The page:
In addition, they must consider the impact of remote treatment on the ethical and regulatory codes associated with their work, potentially across multiple borders and states (Blumer et al., 2015).

Equally important is the efficacy of online marriage and family therapy programs.

While the academic literature is limited, research confirms online treatment’s positive value and impact on marriage and family therapy for various issues. Studies have shown remote treatments’ positive effects as equivalent to in-person delivery, benefiting both relational and mental health outcomes (McLean et al., 2021).

Family counseling is a vital aspect of therapeutic treatment, with many valuable books to support new and existing therapists.

The following books are some of our favorites and help teach the theory, background, and practical steps involved in practicing family therapy and family counseling.

1. It Didn’t Start With You: How Inherited Family Trauma Shapes Who We Are and How to End the Cycle – Mark Wolynn

It Didn’t Start with You

Mark Wolynn shares his deep understanding of inherited trauma in this groundbreaking book and offers new, powerful tools for relieving client suffering.

Wolynn’s extensive experience as a pioneer in inherited family trauma, coupled with his “Core Language Approach,” empowers readers to uncover hidden emotional legacies and provides practical techniques for reconnecting, integrating, and reclaiming life and health.

Find the book on Amazon.

2. Family Ties That Bind: A Self-Help Guide to Change Through Family of Origin Therapy – Ronald W. Richardson

Family Ties That Bind

This practical and easy-to-read book offers valuable insights into family dynamics and actionable techniques from family therapy and family counseling to help readers create healthier relationships.

This book explores topics such as self-esteem, spousal dynamics, birth order, and communication skills while guiding readers in understanding the impact of family background on interactions.

The authors offer step-by-step exercises to foster positive changes in all aspects of clients’ lives.

Find the book on Amazon.

3. Family Therapy: An Overview – Irene Goldenberg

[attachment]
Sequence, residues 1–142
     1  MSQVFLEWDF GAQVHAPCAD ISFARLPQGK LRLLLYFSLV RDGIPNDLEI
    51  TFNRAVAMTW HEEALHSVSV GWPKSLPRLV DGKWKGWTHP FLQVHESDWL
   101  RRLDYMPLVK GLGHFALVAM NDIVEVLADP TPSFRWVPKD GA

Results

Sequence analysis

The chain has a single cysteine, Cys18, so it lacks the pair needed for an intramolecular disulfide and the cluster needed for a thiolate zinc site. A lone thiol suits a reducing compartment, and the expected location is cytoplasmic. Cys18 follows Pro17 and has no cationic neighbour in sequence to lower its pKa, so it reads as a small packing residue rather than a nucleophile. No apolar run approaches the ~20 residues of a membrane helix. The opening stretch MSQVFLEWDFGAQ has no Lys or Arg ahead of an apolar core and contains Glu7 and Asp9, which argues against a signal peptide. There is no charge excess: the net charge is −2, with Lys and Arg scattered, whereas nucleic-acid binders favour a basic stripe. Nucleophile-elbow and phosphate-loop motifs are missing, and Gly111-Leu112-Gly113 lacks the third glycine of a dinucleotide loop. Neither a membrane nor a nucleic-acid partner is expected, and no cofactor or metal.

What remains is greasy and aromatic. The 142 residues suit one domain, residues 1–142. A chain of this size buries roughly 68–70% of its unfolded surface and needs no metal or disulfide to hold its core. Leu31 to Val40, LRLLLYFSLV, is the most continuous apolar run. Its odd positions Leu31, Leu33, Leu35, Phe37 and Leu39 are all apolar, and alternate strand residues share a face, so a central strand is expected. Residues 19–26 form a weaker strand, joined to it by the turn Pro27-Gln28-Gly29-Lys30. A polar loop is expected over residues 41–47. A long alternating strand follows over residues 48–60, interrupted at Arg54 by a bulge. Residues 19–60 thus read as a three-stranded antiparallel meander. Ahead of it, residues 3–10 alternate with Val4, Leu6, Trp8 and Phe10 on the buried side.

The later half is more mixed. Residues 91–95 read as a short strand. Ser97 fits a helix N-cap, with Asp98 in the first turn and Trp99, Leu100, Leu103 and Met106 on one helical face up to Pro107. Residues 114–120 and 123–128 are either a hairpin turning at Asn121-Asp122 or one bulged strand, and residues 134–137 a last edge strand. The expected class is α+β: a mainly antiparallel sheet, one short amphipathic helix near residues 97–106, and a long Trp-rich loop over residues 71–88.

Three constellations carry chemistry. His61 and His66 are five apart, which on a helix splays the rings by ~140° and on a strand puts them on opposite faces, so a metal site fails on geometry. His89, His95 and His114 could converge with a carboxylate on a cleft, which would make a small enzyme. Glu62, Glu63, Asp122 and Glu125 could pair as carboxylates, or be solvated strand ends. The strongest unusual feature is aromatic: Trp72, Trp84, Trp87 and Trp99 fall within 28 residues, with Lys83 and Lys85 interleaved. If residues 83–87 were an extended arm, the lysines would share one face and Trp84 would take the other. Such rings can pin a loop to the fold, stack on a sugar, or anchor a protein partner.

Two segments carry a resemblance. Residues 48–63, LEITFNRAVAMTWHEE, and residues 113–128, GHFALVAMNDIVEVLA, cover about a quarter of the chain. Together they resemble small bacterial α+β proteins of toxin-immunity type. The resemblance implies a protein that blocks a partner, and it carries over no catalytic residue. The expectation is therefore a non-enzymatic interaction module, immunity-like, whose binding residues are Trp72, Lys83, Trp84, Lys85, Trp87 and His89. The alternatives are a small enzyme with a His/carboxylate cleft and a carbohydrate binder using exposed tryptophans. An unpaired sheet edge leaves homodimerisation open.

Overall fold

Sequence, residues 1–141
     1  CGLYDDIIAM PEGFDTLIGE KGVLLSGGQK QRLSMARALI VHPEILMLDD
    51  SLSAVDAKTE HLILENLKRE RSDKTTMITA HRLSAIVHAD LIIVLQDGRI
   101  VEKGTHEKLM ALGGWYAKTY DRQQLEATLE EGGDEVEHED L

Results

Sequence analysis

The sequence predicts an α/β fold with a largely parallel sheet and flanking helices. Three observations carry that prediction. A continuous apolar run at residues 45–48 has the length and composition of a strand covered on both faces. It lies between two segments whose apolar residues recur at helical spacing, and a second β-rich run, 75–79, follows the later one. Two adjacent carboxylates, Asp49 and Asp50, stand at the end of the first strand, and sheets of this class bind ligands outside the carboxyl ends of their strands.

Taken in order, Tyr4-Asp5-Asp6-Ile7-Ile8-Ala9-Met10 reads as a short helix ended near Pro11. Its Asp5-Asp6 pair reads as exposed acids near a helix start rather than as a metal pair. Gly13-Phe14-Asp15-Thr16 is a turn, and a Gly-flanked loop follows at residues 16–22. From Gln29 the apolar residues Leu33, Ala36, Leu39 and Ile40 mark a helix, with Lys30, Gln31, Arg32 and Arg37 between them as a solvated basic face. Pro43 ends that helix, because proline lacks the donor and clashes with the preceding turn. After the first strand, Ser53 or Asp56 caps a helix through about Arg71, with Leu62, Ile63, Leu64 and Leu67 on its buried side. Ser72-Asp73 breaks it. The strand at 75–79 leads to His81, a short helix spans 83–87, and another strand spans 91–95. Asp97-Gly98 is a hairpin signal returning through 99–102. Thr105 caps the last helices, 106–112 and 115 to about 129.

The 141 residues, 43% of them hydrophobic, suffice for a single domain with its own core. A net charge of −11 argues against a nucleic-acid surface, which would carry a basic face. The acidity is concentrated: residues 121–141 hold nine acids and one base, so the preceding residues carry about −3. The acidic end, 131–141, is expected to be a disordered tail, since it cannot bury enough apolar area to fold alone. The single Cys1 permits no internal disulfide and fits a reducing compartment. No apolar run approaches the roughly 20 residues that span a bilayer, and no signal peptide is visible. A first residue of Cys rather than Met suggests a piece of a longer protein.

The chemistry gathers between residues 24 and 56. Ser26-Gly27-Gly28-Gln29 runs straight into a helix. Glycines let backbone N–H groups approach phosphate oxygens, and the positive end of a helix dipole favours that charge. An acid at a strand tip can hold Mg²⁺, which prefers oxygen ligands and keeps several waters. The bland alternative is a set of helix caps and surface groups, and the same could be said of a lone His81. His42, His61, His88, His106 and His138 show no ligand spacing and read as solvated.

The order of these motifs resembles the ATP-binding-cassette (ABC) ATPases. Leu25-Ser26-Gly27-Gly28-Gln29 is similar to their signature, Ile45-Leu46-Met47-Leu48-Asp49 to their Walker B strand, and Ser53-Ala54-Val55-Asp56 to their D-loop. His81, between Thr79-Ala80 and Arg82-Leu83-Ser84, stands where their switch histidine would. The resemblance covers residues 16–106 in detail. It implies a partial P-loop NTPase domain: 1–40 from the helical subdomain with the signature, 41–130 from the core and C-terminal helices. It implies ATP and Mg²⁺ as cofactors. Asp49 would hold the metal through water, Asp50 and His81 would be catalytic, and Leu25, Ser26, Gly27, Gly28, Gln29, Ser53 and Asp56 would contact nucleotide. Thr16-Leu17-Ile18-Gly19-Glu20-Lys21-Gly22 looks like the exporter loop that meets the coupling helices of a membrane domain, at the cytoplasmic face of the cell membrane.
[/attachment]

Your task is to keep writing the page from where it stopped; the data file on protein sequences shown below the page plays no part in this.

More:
Family Therapy An Overview

This engaging and comprehensive book equips therapists and interested readers with the knowledge and skills necessary for competent and effective family therapy.

With its practice-oriented approach, this ninth edition delves into essential viewpoints, intervention techniques, and the goals of family therapy, from evidence-based practice research to addressing issues of diversity, gender, culture, and LGBTQ families.

Find the book on Amazon.

We have many resources available for therapists and counselors providing support to families wishing to improve communication and repair damaged relationships.

Why not download our free positive relationships pack and try out the powerful tools contained within? Some examples include:

  • Identifying Our Expert Companions
    This exercise helps clients discover what they need from an expert companion and how to identify them among the variety of people they know.
  • Connecting With Others by Self-Disclosure
    In this exercise, clients learn how to practice self-disclosure to increase their feelings of being understood, accepted, and cared for, boosting relationships and wellbeing.

Other free resources include:

  • Mind the Gap
    Use this exercise to identify the values the client wants to instill in the family and make plans for their implementation.
  • Meeting Our Family’s Needs
    Each family member is given the opportunity to have their needs heard, understood, and ultimately accepted in this helpful activity.

More extensive versions of the following tools are available with a subscription to the Positive Psychology Toolkit©, but they are described briefly below:

  • Building Social Capital

An individual’s social capital is an accumulation of their positive network connections.

Clients can expand their social capital by focusing on their relationship quantity, strength, intensity, and density.

To do so, ask the client to try out the following steps: